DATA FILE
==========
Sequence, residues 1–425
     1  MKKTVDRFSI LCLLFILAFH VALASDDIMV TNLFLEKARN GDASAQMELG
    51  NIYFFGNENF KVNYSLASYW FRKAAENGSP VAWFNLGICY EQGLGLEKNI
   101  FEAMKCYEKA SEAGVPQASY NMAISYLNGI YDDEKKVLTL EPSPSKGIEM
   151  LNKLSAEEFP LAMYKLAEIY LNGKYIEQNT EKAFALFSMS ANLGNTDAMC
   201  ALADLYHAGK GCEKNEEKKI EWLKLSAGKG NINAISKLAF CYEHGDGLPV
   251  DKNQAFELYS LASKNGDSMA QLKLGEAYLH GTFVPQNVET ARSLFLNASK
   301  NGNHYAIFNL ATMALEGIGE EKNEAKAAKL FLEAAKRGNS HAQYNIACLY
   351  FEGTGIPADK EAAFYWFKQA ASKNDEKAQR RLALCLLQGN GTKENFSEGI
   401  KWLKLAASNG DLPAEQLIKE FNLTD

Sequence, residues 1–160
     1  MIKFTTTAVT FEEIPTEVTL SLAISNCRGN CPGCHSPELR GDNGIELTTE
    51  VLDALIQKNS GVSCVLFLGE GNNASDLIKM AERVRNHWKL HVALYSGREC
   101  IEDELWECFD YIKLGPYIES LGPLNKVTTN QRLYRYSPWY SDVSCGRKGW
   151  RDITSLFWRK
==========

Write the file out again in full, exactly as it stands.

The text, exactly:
Sequence, residues 1–425
     1  MKKTVDRFSI LCLLFILAFH VALASDDIMV TNLFLEKARN GDASAQMELG
    51  NIYFFGNENF KVNYSLASYW FRKAAENGSP VAWFNLGICY EQGLGLEKNI
   101  FEAMKCYEKA SEAGVPQASY NMAISYLNGI YDDEKKVLTL EPSPSKGIEM
   151  LNKLSAEEFP LAMYKLAEIY LNGKYIEQNT EKAFALFSMS ANLGNTDAMC
   201  ALADLYHAGK GCEKNEEKKI EWLKLSAGKG NINAISKLAF CYEHGDGLPV
   251  DKNQAFELYS LASKNGDSMA QLKLGEAYLH GTFVPQNVET ARSLFLNASK
   301  NGNHYAIFNL ATMALEGIGE EKNEAKAAKL FLEAAKRGNS HAQYNIACLY
   351  FEGTGIPADK EAAFYWFKQA ASKNDEKAQR RLALCLLQGN GTKENFSEGI
   401  KWLKLAASNG DLPAEQLIKE FNLTD

Sequence, residues 1–160
     1  MIKFTTTAVT FEEIPTEVTL SLAISNCRGN CPGCHSPELR GDNGIELTTE
    51  VLDALIQKNS GVSCVLFLGE GNNASDLIKM AERVRNHWKL HVALYSGREC
   101  IEDELWECFD YIKLGPYIES LGPLNKVTTN QRLYRYSPWY SDVSCGRKGW
   151  RDITSLFWRK